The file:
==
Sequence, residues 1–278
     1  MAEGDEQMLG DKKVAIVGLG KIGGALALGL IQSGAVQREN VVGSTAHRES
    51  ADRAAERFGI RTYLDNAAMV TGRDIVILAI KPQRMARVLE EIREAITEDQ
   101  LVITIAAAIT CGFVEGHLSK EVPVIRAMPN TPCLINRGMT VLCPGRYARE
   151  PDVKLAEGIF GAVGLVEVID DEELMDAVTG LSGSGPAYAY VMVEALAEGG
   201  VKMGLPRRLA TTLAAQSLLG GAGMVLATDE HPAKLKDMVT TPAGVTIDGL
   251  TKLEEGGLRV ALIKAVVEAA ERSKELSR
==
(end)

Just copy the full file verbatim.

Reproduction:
Sequence, residues 1–278
     1  MAEGDEQMLG DKKVAIVGLG KIGGALALGL IQSGAVQREN VVGSTAHRES
    51  ADRAAERFGI RTYLDNAAMV TGRDIVILAI KPQRMARVLE EIREAITEDQ
   101  LVITIAAAIT CGFVEGHLSK EVPVIRAMPN TPCLINRGMT VLCPGRYARE
   151  PDVKLAEGIF GAVGLVEVID DEELMDAVTG LSGSGPAYAY VMVEALAEGG
   201  VKMGLPRRLA TTLAAQSLLG GAGMVLATDE HPAKLKDMVT TPAGVTIDGL
   251  TKLEEGGLRV ALIKAVVEAA ERSKELSR